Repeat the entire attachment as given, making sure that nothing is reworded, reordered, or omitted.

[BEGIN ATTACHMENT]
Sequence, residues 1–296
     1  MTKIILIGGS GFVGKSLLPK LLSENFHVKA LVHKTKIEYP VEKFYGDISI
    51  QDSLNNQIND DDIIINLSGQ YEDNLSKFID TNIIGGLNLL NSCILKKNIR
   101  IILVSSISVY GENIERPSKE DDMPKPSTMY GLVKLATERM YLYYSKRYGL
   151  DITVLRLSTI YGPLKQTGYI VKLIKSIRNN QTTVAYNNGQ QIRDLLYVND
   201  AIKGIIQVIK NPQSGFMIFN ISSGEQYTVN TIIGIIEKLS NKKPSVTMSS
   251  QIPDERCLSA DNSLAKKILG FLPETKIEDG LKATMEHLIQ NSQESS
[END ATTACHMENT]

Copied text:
Sequence, residues 1–296
     1  MTKIILIGGS GFVGKSLLPK LLSENFHVKA LVHKTKIEYP VEKFYGDISI
    51  QDSLNNQIND DDIIINLSGQ YEDNLSKFID TNIIGGLNLL NSCILKKNIR
   101  IILVSSISVY GENIERPSKE DDMPKPSTMY GLVKLATERM YLYYSKRYGL
   151  DITVLRLSTI YGPLKQTGYI VKLIKSIRNN QTTVAYNNGQ QIRDLLYVND
   201  AIKGIIQVIK NPQSGFMIFN ISSGEQYTVN TIIGIIEKLS NKKPSVTMSS
   251  QIPDERCLSA DNSLAKKILG FLPETKIEDG LKATMEHLIQ NSQESS